The accolades are starting to pour in for "On Living" (Riverhead Books), by Kerry Egan, a 1995 alumna of Washington and Lee University.
People Magazine listed it among the 12 best new books for fall: "Illuminating, unflinching and ultimately inspiring, it presents 'the spiritual work of dying' as a profound process with undeniable elements of beauty."
The Washington Post wrote, "Thoughtful and refreshingly unpretentious… insights continue to resonate for days after you’ve finished reading."
And bestselling author Elizabeth Gilbert (Eat, Pray, Love), praised the book on her Facebook page, saying, "This is a poetic and philosophical and brave and uplifting meditation on how important it is to make peace and meaning of our lives while we still have them."
The conversation began on this difficult topic in 2012 when Kerry, a hospice chaplain in Massachusetts, wrote an essay about death and dying that drew over 3,000 comments in 24 hours on the CNN website. In that piece, titled "What People Talk About Before They Die," Kerry noted that patients often talked about families and love because "that is how we talk about God. That is how we talk about the meaning of our lives. That is how we talk about the big spiritual questions of human existence."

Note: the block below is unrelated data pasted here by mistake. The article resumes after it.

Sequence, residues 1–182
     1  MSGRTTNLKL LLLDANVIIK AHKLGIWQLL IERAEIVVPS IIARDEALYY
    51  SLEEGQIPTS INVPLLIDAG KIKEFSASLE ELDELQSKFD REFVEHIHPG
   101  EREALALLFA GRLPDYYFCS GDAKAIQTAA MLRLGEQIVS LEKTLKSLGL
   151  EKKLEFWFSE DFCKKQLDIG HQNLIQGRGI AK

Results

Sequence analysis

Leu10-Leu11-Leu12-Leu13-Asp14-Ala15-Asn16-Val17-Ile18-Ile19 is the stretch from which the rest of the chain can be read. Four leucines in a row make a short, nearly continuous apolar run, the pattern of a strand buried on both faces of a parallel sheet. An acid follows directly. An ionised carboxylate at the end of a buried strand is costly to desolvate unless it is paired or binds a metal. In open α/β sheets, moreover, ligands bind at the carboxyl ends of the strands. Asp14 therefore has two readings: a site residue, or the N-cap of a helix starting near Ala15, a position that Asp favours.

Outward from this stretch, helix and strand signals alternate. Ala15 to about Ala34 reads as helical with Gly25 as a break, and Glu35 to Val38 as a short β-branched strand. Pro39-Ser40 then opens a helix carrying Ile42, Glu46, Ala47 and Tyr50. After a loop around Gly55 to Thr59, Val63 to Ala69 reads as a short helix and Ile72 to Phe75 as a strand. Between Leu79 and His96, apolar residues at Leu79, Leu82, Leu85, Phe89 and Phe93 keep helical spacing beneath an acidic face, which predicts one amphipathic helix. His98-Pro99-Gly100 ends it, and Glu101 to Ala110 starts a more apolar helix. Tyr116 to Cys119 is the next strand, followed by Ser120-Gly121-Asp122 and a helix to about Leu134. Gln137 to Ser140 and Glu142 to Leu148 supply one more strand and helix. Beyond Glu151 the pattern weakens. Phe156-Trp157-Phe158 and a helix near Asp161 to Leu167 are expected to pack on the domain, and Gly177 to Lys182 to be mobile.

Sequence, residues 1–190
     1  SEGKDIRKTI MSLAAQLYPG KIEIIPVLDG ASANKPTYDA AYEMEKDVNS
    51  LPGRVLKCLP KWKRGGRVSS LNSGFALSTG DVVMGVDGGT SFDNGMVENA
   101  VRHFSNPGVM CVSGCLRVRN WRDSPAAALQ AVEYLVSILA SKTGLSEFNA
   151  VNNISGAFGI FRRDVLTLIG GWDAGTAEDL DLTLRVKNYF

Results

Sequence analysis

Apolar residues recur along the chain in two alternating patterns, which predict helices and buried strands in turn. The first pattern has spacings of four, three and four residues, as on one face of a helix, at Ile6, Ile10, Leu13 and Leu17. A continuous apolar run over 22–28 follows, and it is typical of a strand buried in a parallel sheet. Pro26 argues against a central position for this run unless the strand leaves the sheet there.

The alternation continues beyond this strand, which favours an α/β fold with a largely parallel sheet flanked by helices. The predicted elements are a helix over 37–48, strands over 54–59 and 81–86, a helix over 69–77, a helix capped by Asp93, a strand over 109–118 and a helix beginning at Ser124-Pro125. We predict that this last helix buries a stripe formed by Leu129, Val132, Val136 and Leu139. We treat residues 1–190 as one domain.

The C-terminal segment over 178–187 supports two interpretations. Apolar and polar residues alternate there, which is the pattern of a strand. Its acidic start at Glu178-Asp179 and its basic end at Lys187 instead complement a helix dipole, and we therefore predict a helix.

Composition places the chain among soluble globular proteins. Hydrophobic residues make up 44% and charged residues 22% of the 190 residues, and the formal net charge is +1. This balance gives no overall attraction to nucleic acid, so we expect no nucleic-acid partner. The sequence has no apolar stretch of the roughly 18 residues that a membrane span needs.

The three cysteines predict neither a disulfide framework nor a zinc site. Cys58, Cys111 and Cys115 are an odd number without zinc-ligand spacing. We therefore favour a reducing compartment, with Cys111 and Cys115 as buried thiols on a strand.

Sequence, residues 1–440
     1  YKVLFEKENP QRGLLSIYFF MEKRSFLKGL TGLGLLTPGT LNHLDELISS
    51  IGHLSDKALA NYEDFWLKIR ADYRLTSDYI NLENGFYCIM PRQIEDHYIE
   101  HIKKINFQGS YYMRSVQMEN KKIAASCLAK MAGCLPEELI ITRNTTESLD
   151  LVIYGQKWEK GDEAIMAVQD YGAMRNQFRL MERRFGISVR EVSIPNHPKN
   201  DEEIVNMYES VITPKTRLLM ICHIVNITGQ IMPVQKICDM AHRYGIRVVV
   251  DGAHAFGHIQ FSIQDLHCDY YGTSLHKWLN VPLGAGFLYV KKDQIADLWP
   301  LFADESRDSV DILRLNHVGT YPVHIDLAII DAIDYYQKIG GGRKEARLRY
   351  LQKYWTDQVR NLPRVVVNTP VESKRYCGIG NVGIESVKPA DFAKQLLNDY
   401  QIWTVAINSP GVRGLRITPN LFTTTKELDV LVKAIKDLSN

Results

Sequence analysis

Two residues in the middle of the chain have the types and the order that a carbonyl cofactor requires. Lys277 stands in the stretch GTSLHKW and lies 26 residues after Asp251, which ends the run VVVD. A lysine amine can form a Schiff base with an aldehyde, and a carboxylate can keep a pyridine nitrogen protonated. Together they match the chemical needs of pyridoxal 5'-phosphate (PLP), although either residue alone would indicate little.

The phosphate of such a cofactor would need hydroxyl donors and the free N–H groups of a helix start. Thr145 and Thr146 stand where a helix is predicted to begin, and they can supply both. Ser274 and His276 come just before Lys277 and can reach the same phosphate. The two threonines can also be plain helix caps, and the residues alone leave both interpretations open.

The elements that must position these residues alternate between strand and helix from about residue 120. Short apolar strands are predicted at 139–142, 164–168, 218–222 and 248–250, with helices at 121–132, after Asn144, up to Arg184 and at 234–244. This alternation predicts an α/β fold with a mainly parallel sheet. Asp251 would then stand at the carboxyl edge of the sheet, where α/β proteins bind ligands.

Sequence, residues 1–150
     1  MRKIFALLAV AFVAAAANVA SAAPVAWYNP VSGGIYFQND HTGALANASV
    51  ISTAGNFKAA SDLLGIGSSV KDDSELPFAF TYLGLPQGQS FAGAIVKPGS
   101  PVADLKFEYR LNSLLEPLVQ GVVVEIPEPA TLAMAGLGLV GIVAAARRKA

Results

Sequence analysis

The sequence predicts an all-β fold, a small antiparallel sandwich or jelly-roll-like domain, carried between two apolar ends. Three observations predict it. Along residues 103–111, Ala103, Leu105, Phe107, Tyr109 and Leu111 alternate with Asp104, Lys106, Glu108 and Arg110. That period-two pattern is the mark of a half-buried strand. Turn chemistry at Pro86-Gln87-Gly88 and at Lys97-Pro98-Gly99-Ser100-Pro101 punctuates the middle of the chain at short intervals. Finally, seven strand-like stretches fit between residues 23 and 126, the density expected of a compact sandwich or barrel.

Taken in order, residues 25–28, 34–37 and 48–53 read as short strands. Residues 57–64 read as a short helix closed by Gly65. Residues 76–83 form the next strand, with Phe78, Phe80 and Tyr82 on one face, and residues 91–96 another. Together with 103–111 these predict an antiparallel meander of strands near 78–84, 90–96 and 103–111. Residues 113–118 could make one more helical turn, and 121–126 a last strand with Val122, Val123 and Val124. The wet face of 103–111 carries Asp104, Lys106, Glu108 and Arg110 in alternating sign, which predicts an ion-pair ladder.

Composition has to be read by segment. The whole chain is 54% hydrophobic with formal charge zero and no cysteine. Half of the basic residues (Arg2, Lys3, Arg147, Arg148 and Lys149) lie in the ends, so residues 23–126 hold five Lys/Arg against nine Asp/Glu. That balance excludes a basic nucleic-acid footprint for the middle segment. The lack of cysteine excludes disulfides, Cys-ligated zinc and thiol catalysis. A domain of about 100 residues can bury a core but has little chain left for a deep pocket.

In her book, Kerry reflects on the important lessons her patients passed on to her. She writes, "I had been holding on to patients’ stories for many years…, stories the patients had poured out and puzzled over, the stories they turned over in their minds like rosary beads and worn Bibles they turned over in their hands."
Each patient, she noted, taught her something — how to find courage in the face of fear or the strength to make amends; how to be profoundly compassionate and fiercely empathetic; how to see the world in grays instead of in black and white.
You can listen to Kerry's thoughts on death, dying and living in her interview on NPR’s "Fresh Air," which aired on Monday, Oct. 31. She’s also recorded a podcast with Reading By Robin, available on iTunes.